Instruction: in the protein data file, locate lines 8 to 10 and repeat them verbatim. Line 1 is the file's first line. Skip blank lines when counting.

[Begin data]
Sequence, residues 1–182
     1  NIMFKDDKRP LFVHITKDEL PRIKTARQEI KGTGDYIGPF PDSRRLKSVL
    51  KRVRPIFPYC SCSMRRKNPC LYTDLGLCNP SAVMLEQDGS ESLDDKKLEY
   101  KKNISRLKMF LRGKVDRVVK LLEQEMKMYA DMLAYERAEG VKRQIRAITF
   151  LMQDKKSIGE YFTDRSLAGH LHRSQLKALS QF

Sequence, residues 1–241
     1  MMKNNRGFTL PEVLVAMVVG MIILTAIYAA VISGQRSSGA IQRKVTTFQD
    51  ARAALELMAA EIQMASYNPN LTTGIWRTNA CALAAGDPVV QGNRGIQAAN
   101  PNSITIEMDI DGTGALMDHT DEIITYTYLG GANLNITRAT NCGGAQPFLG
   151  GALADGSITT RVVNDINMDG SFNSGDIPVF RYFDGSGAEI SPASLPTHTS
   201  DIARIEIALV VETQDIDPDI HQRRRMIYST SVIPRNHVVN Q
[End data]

    51  ARAALELMAA EIQMASYNPN LTTGIWRTNA CALAAGDPVV QGNRGIQAAN
   101  PNSITIEMDI DGTGALMDHT DEIITYTYLG GANLNITRAT NCGGAQPFLG
   151  GALADGSITT RVVNDINMDG SFNSGDIPVF RYFDGSGAEI SPASLPTHTS